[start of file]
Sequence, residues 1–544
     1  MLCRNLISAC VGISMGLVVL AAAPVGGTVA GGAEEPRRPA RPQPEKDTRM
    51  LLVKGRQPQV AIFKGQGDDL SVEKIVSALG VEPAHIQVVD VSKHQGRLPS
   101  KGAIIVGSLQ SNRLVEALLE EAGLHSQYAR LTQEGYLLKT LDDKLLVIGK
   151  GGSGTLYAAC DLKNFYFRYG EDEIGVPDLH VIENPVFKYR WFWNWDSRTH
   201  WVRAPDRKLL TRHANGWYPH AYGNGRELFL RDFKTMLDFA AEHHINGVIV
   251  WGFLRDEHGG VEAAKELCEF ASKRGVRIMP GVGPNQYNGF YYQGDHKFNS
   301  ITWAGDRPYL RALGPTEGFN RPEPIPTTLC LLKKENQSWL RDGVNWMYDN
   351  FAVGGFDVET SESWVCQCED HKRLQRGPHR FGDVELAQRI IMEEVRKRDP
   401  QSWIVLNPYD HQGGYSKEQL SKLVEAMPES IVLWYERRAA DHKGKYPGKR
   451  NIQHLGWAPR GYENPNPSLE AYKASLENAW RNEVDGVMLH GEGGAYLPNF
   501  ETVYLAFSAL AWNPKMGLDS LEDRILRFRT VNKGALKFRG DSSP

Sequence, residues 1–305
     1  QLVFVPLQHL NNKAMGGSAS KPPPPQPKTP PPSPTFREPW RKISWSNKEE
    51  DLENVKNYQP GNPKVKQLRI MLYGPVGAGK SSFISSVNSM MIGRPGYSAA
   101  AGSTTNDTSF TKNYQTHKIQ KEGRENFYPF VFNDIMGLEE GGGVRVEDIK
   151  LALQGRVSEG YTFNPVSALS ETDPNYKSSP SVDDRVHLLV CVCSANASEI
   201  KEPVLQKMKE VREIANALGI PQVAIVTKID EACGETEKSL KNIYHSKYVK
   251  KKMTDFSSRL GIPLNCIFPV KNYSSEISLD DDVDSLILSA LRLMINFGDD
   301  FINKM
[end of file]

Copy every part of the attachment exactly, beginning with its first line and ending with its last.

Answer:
Sequence, residues 1–544
     1  MLCRNLISAC VGISMGLVVL AAAPVGGTVA GGAEEPRRPA RPQPEKDTRM
    51  LLVKGRQPQV AIFKGQGDDL SVEKIVSALG VEPAHIQVVD VSKHQGRLPS
   101  KGAIIVGSLQ SNRLVEALLE EAGLHSQYAR LTQEGYLLKT LDDKLLVIGK
   151  GGSGTLYAAC DLKNFYFRYG EDEIGVPDLH VIENPVFKYR WFWNWDSRTH
   201  WVRAPDRKLL TRHANGWYPH AYGNGRELFL RDFKTMLDFA AEHHINGVIV
   251  WGFLRDEHGG VEAAKELCEF ASKRGVRIMP GVGPNQYNGF YYQGDHKFNS
   301  ITWAGDRPYL RALGPTEGFN RPEPIPTTLC LLKKENQSWL RDGVNWMYDN
   351  FAVGGFDVET SESWVCQCED HKRLQRGPHR FGDVELAQRI IMEEVRKRDP
   401  QSWIVLNPYD HQGGYSKEQL SKLVEAMPES IVLWYERRAA DHKGKYPGKR
   451  NIQHLGWAPR GYENPNPSLE AYKASLENAW RNEVDGVMLH GEGGAYLPNF
   501  ETVYLAFSAL AWNPKMGLDS LEDRILRFRT VNKGALKFRG DSSP

Sequence, residues 1–305
     1  QLVFVPLQHL NNKAMGGSAS KPPPPQPKTP PPSPTFREPW RKISWSNKEE
    51  DLENVKNYQP GNPKVKQLRI MLYGPVGAGK SSFISSVNSM MIGRPGYSAA
   101  AGSTTNDTSF TKNYQTHKIQ KEGRENFYPF VFNDIMGLEE GGGVRVEDIK
   151  LALQGRVSEG YTFNPVSALS ETDPNYKSSP SVDDRVHLLV CVCSANASEI
   201  KEPVLQKMKE VREIANALGI PQVAIVTKID EACGETEKSL KNIYHSKYVK
   251  KKMTDFSSRL GIPLNCIFPV KNYSSEISLD DDVDSLILSA LRLMINFGDD
   301  FINKM